Alexandra Bitar: On Muses and Sin

"My relationship with my work is very personal, sometimes toxic, but I think all artists could describe it like that."

Alexandra Bitar: On Muses and Sin
Nujoud Oweis

Lebanese-Armenian artist Alexandra Bitar (Instagram) lets her muses fuel her creative process as she draws on their and her own experiences.

You’ve said that your creative practice is “where wondrous chromosomes transform into creatures”, can you talk us through this?

What I mean when I say “where wondrous chromosomes transform into creatures” is that I do believe that when you meet someone that is in touch with their creative side, that they are born with some kind of mystical chromosome where this magic resides, it transforms these people, in my eyes, into wondrous creatures. I think everyone has that “chromosome”, it can manifest in different ways, but some are in touch with it more than others.

So, these people are my muses, they are the people around me that inspire my work. Each collection is personal, and it depends on the people I surround myself with and what they are living, and my personal experiences.

Can you describe your earliest memory of a paintbrush?

I wouldn’t say a paintbrush, but it was at school in math class, where my boredom and lack of enthusiasm for this subject pushed me to explore creatively. I started drawing, even on my tests, and then it was at home on the weekends till I started painting big formats and did my first small exhibition at the age of 17, then 18, then my 20s when I finally decided to make a career out of it.

If you were to unlock an alter ego within you, how would you describe this persona?

Alexandra Bitar X YUNG

I think my alter ego is my sister, I think the telepathy I have with her, and the creative connection, makes her my twin and my alter ego, I think she would probably say the same. She is a character in my comic strips, always wearing a bunny hat. Her spontaneous, methodical, introverted self is always inspiring. We are part of the same mind. 

You recently had your first solo exhibition “Indulgence” in Beirut, what narrative were you presenting to your audience throughout?

The narrative I was presenting was my interpretation of the seven sins. A life without vice seems like a life without enjoyment, yet humans seem to constantly be struggling with outwardly appearing as the best version of themselves, free of sin. But how easier would life be if we befriend our inner demons, and embrace our sins, make peace with them, instead of fighting them? Let them grow organically to become driving forces in our lives?

If you were to work with any artist, dead or alive, who would it be and why?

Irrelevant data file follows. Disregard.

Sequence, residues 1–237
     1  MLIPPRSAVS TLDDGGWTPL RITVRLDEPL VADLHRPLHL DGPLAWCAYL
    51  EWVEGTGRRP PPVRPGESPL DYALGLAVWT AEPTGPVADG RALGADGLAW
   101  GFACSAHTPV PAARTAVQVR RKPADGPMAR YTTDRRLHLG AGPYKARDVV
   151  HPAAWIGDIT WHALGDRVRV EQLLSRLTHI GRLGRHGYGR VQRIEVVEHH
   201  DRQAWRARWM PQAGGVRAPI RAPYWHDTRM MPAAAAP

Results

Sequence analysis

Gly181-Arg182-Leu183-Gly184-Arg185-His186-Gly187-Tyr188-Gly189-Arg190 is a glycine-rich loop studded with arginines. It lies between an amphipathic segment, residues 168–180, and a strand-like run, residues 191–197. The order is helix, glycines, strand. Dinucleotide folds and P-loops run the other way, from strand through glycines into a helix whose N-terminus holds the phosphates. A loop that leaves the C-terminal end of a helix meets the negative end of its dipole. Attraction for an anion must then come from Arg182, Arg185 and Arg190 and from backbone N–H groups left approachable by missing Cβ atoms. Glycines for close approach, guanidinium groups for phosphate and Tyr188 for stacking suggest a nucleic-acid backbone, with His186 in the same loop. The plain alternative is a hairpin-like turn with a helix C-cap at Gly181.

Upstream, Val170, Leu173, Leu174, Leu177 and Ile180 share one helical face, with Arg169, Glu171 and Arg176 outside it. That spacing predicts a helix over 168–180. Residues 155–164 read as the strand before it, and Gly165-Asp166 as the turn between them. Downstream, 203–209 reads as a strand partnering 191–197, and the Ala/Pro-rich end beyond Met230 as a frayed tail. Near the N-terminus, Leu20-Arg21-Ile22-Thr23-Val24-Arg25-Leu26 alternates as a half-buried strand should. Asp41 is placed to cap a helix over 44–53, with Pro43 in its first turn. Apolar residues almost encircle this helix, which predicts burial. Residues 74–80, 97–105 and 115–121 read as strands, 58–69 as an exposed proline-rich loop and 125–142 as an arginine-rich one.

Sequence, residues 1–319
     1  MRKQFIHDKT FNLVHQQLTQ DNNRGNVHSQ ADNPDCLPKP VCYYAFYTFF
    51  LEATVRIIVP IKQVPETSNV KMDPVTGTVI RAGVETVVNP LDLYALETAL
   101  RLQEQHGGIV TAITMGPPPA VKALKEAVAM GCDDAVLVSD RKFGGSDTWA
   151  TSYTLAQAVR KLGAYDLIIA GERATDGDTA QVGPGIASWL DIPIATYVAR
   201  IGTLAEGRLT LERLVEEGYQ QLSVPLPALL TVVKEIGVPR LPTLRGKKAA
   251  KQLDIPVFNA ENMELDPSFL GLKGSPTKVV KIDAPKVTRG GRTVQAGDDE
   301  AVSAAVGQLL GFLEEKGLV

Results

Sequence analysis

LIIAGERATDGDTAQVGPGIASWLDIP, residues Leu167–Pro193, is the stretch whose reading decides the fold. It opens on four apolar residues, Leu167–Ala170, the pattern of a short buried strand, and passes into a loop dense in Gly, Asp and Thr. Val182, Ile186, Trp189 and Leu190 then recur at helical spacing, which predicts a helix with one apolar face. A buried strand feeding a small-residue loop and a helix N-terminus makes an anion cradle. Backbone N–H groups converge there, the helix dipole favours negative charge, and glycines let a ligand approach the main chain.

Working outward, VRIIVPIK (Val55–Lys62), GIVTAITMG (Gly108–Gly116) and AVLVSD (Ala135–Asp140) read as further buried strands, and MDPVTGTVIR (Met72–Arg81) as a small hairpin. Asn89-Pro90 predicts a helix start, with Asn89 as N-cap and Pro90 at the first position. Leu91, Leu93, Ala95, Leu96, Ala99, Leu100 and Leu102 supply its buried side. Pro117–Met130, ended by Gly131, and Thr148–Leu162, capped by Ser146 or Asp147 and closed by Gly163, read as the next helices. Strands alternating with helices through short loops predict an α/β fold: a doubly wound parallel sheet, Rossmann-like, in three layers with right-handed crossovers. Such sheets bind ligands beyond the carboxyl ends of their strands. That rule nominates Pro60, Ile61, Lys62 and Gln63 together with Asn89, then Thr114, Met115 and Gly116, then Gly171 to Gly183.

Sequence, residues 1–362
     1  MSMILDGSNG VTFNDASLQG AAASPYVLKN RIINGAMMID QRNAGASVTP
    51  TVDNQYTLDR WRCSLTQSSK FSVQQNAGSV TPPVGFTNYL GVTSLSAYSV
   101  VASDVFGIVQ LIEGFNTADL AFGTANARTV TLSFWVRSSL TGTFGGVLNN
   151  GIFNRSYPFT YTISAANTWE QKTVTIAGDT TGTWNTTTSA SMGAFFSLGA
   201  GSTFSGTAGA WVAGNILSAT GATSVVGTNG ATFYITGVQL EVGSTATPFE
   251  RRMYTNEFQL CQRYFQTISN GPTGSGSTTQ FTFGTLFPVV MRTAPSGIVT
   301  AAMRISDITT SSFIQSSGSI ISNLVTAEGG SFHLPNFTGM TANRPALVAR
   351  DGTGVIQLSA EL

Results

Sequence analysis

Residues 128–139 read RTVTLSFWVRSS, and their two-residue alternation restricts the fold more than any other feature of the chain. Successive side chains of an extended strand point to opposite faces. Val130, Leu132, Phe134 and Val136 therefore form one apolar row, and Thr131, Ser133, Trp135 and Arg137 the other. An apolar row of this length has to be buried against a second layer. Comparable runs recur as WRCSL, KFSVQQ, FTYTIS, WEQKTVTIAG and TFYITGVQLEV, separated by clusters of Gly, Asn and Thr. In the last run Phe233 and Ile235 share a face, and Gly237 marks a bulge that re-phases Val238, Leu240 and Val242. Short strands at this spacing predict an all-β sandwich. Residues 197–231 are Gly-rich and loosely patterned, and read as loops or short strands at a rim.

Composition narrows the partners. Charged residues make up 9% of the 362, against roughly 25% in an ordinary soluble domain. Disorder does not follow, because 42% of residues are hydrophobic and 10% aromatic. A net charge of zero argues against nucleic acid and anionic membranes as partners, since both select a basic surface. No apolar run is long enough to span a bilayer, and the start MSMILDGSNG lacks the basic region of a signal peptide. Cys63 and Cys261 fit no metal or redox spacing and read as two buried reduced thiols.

If I had to work with any artist, I would choose Hilma af Klimt every time. I think that she is the most inspiring artist, a true visionary. I think her exhibition at the Guggenheim was the first time I cried in public. I wish I had the chance to meet her and hear about her theories. 

How would you describe your relationship with your works? 

My relationship with my work is very personal, sometimes toxic, but I think all artists could describe it like that. After finishing a series after months of work, it’s emotionally draining. I sometimes go through depression, every painting is a memory of a feeling.

What mindset do you tend to be in when you create? Do you have any rituals that put you in that mindset?

When I create, I can’t stop, I don’t eat, I don’t sit, I only stretch, pause, stare and paint, until I feel that a feeling has passed. My rituals are to work out before going to the studio, to calm my nerves, I have to eat something very light, because I need to produce my energy, it’s hard to explain, soul music in the background, I like having people I trust around me while I work, it calms me, it’s usually my sister, she sometimes reminds me to drink water, but other than that, she works and keeps me company. It’s a lonely career path sometimes, unless your characters are considered company.

Alexandra Bitar X YUNG

When considering why you create your works, what can you tell us about the true meaning of your creations? Do they adopt a universal message perhaps?

The exhibitions “Abstinence,” “Functional Impairment,” and “Indulgence,” are all linked to the 4th of August blast that happened in Lebanon, and the process of healing that we all went through. The different phases and forms of suffering, as well as the evolution to a new version of yourself and a sort of liberation from the dark bubble.

What art movements inspire you the most?

The most inspiring art movements in my opinion are Dadaism, German expressionism and the Surrealist movement.

What are the main mantras that you live by? 

My mantras in life:

Always be curious.

Try not to grow up.

Feel every emotion.

When you can, make people laugh.


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